"Some of the best quants I've worked with have only had bachelor's degrees"

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Jeffrey Ryan has met and interviewed a lot of quants. He's spent 20 years working in quantitative finance and seven years working for hedge fund Citadel, during which time he saw its quant operation evolve from a first trade to a fully fledged quantitative finance desk. If anyone understands what's required to succeed as a quant, Ryan is therefore probably one of those people. And when Ryan says that quants don't necessarily need qualifications beyond a Bachelor's degree, aspiring quants might want to take note. 

"Some of the best people I've ever worked with - even on the research side, have only had bachelor's degrees and nothing beyond that," says Ryan, speaking from Chicago, where he's working on a new venture for quant consulting. "They can be more aggressive in terms of the problems they're trying to tackle." 

Does this mean you can forget taking a Masters in Financial Engineering or a PhD? Not so fast. Ryan says the problem with only having a bachelor's degree as a quant is that it can be difficult to land a first job. "It's not that you need a PhD to be successful - in fact I'd almost say that it's the other way around," he says. "But you usually need the additional qualification to get hired." 

Ryan isn't a huge fan of the short Masters in Financial Engineering courses that have proliferated in recent years. While he says they produce some excellent and smart people, he has found that MFE graduates can be unprepared for being quants in the real world. "You get the very best people out of school, and they are still starting from zero. They might have stellar research processes, but when confronted with something that's not a nice rectangular database, they can struggle to solve a problem. - They do eventually, because they're smart, but it can take a while." 

By comparison, Ryan echoes recruiters who say that PhD students are usually closer to the finished product. "PhDs have more of the research skillsets and processes necessary to succeed, but even they can still have a learning curve when they arrive."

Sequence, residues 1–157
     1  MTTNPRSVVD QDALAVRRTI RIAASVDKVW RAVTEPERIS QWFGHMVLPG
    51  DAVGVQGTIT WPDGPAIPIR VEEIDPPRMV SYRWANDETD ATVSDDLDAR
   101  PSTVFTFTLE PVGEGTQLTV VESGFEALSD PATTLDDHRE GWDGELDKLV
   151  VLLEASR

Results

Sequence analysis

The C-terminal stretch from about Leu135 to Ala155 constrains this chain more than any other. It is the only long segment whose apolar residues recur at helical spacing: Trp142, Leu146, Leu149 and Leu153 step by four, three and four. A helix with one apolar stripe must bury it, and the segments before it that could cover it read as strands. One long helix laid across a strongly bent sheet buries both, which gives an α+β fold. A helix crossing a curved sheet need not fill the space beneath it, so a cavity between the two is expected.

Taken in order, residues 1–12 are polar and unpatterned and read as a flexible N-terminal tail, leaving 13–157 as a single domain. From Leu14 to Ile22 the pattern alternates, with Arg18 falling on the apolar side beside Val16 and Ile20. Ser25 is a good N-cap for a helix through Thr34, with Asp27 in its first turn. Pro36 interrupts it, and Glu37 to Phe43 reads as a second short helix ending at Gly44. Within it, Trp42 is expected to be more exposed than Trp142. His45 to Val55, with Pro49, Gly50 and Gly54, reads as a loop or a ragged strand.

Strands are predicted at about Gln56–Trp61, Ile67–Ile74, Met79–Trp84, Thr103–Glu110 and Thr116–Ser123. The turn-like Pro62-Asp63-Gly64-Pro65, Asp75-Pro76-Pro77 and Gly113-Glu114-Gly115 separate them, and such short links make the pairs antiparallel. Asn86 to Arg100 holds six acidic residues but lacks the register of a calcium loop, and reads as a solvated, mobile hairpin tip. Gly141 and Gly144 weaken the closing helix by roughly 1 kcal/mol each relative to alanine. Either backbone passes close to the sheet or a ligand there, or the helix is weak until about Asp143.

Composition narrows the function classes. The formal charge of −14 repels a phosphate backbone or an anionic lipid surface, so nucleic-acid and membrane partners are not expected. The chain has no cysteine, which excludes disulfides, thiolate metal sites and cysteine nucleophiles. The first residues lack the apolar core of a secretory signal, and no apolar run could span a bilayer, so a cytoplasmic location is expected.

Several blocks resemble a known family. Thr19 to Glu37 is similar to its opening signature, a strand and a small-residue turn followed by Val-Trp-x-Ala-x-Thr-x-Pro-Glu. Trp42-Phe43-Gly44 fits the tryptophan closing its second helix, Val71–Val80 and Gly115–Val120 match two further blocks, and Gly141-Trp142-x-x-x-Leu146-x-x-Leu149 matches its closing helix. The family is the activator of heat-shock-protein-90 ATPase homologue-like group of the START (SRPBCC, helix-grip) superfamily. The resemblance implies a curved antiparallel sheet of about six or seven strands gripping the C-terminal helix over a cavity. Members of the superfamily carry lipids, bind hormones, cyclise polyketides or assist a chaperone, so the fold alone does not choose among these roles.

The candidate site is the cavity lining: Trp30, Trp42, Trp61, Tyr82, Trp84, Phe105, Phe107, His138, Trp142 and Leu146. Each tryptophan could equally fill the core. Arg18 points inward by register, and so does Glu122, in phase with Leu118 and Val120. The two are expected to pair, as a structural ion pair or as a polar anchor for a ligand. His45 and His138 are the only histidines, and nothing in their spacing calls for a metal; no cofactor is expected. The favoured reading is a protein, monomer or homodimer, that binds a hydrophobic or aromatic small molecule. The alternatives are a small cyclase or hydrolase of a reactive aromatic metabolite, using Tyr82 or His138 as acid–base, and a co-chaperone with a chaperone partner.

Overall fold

The problem with being a quant in a functioning hedge fund instead of an educational establishment is that things in the real world often aren't neat, says Ryan. "People don't arrive with the actual skills that firms require. They understand the math, but they don't understand how to apply it when the principle challenge is that you have a terabyte of unsifted data." Even if you're paying a data vendor to prepare the data for you, Ryan says you still need to guide them on how to get data into the right shape. "Data vendors don't understand how data is being used. - You need to manage them. That can take a lot of time and intellectual capital." 

PhD hires can also have idiosyncratic issues of their own: they're excellent at sorting through individual types of data, but less good at sorting through multiple disparate data sources, says Ryan. "PhD students can be very good at looking at a data source for a very long time, but when you have dozens of different data sources a month, it's a different skillset," he says. "The pace is much faster." 

This is why, if you're a quant with a bachelor's degree and spend a lot of time learning how to work at speed with different datasets to solve real world problems, you could be more employable - presuming someone will actually interview you. Ryan advises spending time on Kaggle or QuantConnect, and making it clear what your contribution to solving a problem there was: "A lot of these sites use teams to solve problems, and it can be hard to disentangle what one person has done."

Ultimately, he says that difficulties hiring junior quants who are work-ready is a cost for many funds. "It's a real barrier to alpha, and it's strange really that it still exists." 

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